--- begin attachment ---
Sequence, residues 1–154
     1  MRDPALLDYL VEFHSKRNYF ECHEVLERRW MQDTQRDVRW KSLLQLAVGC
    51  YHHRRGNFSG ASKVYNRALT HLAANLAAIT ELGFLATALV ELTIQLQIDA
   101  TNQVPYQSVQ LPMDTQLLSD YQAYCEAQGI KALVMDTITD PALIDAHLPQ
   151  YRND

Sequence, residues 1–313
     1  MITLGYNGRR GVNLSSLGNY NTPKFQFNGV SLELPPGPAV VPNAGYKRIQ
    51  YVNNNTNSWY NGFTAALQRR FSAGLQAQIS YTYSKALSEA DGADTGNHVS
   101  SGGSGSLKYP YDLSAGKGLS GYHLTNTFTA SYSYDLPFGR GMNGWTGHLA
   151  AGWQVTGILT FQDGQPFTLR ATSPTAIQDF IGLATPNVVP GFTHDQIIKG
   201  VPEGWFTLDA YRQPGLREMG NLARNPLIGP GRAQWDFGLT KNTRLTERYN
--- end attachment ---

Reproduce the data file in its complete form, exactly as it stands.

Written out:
Sequence, residues 1–154
     1  MRDPALLDYL VEFHSKRNYF ECHEVLERRW MQDTQRDVRW KSLLQLAVGC
    51  YHHRRGNFSG ASKVYNRALT HLAANLAAIT ELGFLATALV ELTIQLQIDA
   101  TNQVPYQSVQ LPMDTQLLSD YQAYCEAQGI KALVMDTITD PALIDAHLPQ
   151  YRND

Sequence, residues 1–313
     1  MITLGYNGRR GVNLSSLGNY NTPKFQFNGV SLELPPGPAV VPNAGYKRIQ
    51  YVNNNTNSWY NGFTAALQRR FSAGLQAQIS YTYSKALSEA DGADTGNHVS
   101  SGGSGSLKYP YDLSAGKGLS GYHLTNTFTA SYSYDLPFGR GMNGWTGHLA
   151  AGWQVTGILT FQDGQPFTLR ATSPTAIQDF IGLATPNVVP GFTHDQIIKG
   201  VPEGWFTLDA YRQPGLREMG NLARNPLIGP GRAQWDFGLT KNTRLTERYN